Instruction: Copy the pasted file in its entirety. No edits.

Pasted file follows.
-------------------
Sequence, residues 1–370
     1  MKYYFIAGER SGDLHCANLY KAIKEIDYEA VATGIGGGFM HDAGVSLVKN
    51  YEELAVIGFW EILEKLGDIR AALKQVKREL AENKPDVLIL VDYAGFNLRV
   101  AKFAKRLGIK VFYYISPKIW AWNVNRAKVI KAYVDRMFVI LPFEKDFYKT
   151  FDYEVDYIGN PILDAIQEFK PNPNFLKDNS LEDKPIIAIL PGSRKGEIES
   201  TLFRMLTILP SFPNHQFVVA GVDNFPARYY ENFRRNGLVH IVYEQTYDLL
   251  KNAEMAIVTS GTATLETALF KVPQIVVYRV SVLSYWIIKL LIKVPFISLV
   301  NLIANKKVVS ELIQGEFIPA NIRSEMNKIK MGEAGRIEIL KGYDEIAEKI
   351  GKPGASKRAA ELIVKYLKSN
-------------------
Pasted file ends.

Sequence, residues 1–370
     1  MKYYFIAGER SGDLHCANLY KAIKEIDYEA VATGIGGGFM HDAGVSLVKN
    51  YEELAVIGFW EILEKLGDIR AALKQVKREL AENKPDVLIL VDYAGFNLRV
   101  AKFAKRLGIK VFYYISPKIW AWNVNRAKVI KAYVDRMFVI LPFEKDFYKT
   151  FDYEVDYIGN PILDAIQEFK PNPNFLKDNS LEDKPIIAIL PGSRKGEIES
   201  TLFRMLTILP SFPNHQFVVA GVDNFPARYY ENFRRNGLVH IVYEQTYDLL
   251  KNAEMAIVTS GTATLETALF KVPQIVVYRV SVLSYWIIKL LIKVPFISLV
   301  NLIANKKVVS ELIQGEFIPA NIRSEMNKIK MGEAGRIEIL KGYDEIAEKI
   351  GKPGASKRAA ELIVKYLKSN